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Michael Lee fills in more details from Caron Butler's season of discontent

About a week ago, I wrote this long post detailing Caron Butler's fall from grace, based on stuff I had witnessed firsthand with media credentials.  But even though a lot of the information in there was firsthand, I realize that a lot of stuff remained unclear.  Why did he play so uninspired?  What were the factors?  It was more a piece to get the ball rolling on discussing what I believed was a key reason for the Wizards' terrible season.

Thankfully, today we have more answers.  Michael Lee comes through with this much-needed feature on Butler, and in it, there are several very revealing points.  The major one to take away?  Butler was resentful of not receiving a contract extension before the season began.

And he appeared to sulk after failing to receive a contract extension before the season began.

With Butler's contract set to expire after the 2010-11 season, Grunfeld didn't want to tie up more money in a group that lost three first-round series against the Cavaliers, especially after committing about $161 million in contracts to Arenas and Jamison in the summer or 2008.

Not giving Butler an extension was a perfectly defensible move by Ernie Grunfeld.  Butler was going to be 30 years old by the end of his deal.  There was absolutely no reason to reward him with an extension two years before his contract ended.  

Nevertheless, Butler felt dissed, and as we discussed last week, lingering resentment over having to carry the team while Gilbert Arenas was injured and, well, space-cadet'y took it's toll.  This quote in particular is very revealing. 

"I wasn't upset about it, but I worked my tail off the last couple of years when Gilbert was injured," Butler said of the extension. "Obviously, he's the cornerstone and the franchise guy for that organization, you know, without a doubt. He'll go down as one of the best players to ever play the game if he comes back [healthy]. But when he was out, you've got to give credit where credit was due. I was at the helm, helping lead that ballclub to the playoffs and things of that nature. I obviously got injured and wasn't able to make the push at the butt end of the seasons. But that was me and Antawn, being the leaders and controlling the atmosphere and everything around there. You should be compensated and rewarded. I understand it's a business, you put it aside and get prepared for the season but it was tough. You expect certain things."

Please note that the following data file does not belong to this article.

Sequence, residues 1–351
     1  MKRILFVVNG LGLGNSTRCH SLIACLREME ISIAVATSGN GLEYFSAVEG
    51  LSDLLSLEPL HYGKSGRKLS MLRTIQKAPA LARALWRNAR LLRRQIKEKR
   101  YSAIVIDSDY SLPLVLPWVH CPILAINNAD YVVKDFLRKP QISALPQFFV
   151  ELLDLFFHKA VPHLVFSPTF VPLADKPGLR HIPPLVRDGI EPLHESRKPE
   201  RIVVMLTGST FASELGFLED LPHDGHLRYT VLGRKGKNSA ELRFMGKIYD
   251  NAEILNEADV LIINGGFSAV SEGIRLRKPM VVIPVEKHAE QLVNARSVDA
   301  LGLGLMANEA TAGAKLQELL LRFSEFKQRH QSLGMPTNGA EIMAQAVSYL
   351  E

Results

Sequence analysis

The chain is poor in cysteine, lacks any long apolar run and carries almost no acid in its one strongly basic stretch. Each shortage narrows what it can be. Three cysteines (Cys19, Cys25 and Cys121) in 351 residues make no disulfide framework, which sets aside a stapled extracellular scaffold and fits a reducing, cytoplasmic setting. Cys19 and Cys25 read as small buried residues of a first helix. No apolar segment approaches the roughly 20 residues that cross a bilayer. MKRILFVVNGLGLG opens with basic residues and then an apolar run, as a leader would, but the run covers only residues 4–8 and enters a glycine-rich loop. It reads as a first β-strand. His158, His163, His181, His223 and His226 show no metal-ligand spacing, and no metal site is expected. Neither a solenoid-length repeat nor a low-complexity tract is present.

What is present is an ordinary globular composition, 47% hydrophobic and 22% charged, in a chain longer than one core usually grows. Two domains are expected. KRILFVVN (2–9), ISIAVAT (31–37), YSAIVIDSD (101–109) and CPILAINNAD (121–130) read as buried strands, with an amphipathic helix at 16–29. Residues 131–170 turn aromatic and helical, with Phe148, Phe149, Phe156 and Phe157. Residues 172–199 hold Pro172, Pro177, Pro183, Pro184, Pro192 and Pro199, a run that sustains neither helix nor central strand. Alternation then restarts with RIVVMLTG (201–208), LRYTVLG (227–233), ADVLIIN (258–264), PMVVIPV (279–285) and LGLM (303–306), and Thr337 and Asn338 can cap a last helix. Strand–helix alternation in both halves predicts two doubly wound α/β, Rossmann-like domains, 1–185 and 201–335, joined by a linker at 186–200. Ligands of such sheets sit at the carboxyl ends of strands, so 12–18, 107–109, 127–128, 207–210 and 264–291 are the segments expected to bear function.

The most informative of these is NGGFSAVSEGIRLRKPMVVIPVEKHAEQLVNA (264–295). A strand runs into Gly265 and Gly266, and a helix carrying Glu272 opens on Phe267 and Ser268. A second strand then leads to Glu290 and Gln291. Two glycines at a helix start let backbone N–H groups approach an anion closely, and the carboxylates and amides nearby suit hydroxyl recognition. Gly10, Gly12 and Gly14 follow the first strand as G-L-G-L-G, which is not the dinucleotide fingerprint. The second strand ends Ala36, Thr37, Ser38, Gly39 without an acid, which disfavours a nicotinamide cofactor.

In other words, "I wasn't upset about it, but I was upset about it."

Also, Butler wasn't a fan of Flip Saunders' offense and reportedly complained about not getting enough shots.  He claimed that Saunders was trying to "force players to be certain things" instead of fitting his system around the personnel.  Finally, he claims that he and Arenas get along, despite the resentment that clearly resulted from what happened this season.

Seriously, read the whole thing and give a metaphorical (or literal) gold star to Michael Lee.  He did great here.